... craft, bound over the course we had suspected," said Darrin, as signals broke out rapidly from the car under the big gas bag. "We'll let the submarine get by us before we start in chase." ...
— Dave Darrin After The Mine Layers • H. Irving Hancock

... did so a hostile shell, first that had ever come so near, burst just in front of his guns. A big lump of metal struck one of them on the chase, glanced, clipped off half the low top of his forage-cap and struck in the trunk of an oak behind him, and as his good horse flinched and quivered he looked unwillingly from the page toward a puff of white smoke on a distant hill, and with a broad smile said—a mere nonsense word; but the humor ...
— Kincaid's Battery • George W. Cable

... did not chase the yawl of the brig in the Poughkeepsie herself, was the necessity of waiting for his own boats that were endeavoring to regain the sloop-of-war. It would not have done to abandon them, inasmuch as the men were so much exhausted by the pull to windward, ...
— Graham's Magazine Vol XXXII. No. 3. March 1848 • Various

... the trapping and the chase, For mating game his arrows ne'er despoil, And from the hunter's heaven turn his face, To wring some promise from the ...
— Flint and Feather • E. Pauline Johnson

... under-steward, to talk over some plans about thinning the woods at this side; and also to discuss practically a proposal, lately made by a wealthy merchant, to take a very long lease, on advantageous terms to Sir Bale as he thought, of the old park and chase of Cloostedd, with the intention of building there, and making it once more a ...
— J. S. Le Fanu's Ghostly Tales, Volume 3 • Joseph Sheridan Le Fanu

... abaft, chasing her from New York to Liverpool. But to those going in the opposite direction the storm was a buffeting and a hinderance. It is a bad thing to have a storm ahead, pushing us back; but if we be God's children and aiming toward heaven, the storms of life will only chase us the sooner into the harbor. I am so glad to believe that the monsoons, and typhoons, and mistrals, and siroccos of the land and sea are not unchained maniacs let loose upon the earth, but are under divine supervision! ...
— New Tabernacle Sermons • Thomas De Witt Talmage

... the wall from each and the weights that would topple upon him if he touched one, and so he left them, though he left them weeping, and at last came to Theth. There all men worship Hlo-hlo; though they are willing to believe in other gods, as missionaries attest, but only as creatures of the chase for the hunting of Hlo-hlo, who wears Their halos, so these people say, on golden hooks along his hunting-belt. And from Theth he came to the city of Moung and the temple of Moung-ga-ling, and entered and saw the spider-idol, Hlo-hlo, sitting there ...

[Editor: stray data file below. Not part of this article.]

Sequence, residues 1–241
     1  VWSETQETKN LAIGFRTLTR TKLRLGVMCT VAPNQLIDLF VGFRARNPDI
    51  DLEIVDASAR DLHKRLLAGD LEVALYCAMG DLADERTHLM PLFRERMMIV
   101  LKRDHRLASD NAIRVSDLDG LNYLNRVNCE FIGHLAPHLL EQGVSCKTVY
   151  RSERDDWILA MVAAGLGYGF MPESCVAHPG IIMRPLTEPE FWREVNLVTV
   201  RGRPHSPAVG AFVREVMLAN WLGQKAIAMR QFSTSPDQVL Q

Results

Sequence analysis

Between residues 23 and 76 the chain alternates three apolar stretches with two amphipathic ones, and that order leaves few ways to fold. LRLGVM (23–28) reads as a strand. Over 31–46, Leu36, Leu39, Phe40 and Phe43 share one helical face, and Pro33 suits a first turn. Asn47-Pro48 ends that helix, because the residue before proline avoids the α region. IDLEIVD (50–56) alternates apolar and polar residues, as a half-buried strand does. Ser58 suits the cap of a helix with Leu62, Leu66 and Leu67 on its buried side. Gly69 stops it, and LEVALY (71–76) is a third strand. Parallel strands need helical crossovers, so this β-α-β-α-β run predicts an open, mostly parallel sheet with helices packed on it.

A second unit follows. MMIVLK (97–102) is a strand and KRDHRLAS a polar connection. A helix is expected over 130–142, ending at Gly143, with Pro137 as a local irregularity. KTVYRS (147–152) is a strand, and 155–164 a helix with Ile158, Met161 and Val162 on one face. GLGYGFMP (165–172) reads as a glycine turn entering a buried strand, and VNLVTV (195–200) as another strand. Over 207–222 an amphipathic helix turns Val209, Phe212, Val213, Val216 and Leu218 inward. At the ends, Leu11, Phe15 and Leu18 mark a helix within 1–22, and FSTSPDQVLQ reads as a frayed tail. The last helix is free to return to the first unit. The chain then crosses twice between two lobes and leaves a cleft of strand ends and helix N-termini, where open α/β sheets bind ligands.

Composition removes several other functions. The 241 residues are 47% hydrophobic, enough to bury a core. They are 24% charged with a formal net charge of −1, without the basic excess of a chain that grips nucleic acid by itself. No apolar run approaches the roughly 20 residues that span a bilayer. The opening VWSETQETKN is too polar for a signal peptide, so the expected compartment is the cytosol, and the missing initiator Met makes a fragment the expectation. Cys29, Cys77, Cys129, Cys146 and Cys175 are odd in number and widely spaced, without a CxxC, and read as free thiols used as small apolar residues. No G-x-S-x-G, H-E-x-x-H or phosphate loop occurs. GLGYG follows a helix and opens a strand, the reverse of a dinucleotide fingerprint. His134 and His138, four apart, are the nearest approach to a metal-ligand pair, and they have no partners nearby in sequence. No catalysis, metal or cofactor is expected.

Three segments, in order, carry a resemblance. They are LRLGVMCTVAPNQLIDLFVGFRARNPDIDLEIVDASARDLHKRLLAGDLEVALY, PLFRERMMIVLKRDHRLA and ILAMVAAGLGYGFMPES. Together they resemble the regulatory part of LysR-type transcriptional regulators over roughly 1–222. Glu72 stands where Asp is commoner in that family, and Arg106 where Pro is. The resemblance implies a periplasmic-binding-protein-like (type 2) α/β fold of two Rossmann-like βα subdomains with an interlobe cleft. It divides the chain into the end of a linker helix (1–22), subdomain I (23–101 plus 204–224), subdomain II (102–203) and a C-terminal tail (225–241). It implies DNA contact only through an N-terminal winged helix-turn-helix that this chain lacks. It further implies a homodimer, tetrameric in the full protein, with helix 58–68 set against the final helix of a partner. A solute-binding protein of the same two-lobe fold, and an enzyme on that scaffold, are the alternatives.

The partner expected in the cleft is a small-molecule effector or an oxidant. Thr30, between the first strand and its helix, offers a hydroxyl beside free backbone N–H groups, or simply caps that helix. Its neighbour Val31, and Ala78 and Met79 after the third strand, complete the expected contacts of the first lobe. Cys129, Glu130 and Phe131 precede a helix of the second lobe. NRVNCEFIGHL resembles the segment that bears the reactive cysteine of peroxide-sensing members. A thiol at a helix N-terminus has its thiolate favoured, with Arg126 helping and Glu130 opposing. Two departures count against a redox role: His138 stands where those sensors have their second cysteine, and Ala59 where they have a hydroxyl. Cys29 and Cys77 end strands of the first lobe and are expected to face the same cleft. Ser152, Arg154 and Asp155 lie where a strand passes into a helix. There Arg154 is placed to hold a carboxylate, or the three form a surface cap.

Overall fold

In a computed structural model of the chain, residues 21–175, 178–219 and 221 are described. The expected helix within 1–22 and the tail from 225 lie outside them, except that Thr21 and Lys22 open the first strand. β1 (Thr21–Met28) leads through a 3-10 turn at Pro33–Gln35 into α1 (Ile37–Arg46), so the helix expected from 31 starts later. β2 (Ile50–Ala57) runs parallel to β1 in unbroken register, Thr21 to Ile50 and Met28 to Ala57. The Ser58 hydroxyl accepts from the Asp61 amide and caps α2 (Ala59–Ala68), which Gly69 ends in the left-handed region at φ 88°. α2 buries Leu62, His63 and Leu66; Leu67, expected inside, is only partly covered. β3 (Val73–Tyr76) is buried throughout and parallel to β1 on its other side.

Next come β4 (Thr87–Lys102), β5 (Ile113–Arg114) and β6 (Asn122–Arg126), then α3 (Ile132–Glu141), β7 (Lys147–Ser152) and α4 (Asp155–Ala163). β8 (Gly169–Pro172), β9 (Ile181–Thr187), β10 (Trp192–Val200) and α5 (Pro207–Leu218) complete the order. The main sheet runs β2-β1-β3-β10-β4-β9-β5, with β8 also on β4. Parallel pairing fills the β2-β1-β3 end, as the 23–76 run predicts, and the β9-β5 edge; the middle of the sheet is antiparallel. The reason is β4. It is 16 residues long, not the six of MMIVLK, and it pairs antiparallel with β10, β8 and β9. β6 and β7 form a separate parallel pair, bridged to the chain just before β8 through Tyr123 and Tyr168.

— The Book of Wonder • Edward J. M. D. Plunkett, Lord Dunsany

... went along smooth enough for a while, until one day that dog began to get into the habit of running around after his tail. He was the foolishest dog about that I ever saw. Used to chase his tail round and round until he'd get so giddy he couldn't bark. And you know I was scared lest it might hurt the dog's health; and as Potts didn't seem to be willing to keep his end from circulating in pursuit of my end, I made ...
— Elbow-Room - A Novel Without a Plot • Charles Heber Clark (AKA Max Adeler)

... led Scotty and me on a wild chase that ended up with me dropping into the quarry. The facts are that the ghost somehow triggered the plane alarm. We will not argue whether or not a real ghost could have set off a purely physical, ...
— The Blue Ghost Mystery • Harold Leland Goodwin

... don't think I could sit a horse, leastways not to go along as we must go, if we means to catch 'em. No! I've ordered fresh horses to your carriage, it's lighter than the one they have got, and that will tell in a long chase; you must take me to show ...
— Frank Fairlegh - Scenes From The Life Of A Private Pupil • Frank E. Smedley

... steep. The prince mounted to the top of it with agility, to set his trap, with the aid of the other black. Suddenly, a dreadful roar was heard; and, in a few bounds, the tigress, returning from the chase, reached the opening of the den. The black who was laying the trap with the prince had his skull fractured by her bite; the tree, falling across the entrance, prevented the female from penetrating the cavern, and at the same time stopped the exit of the black who had seized ...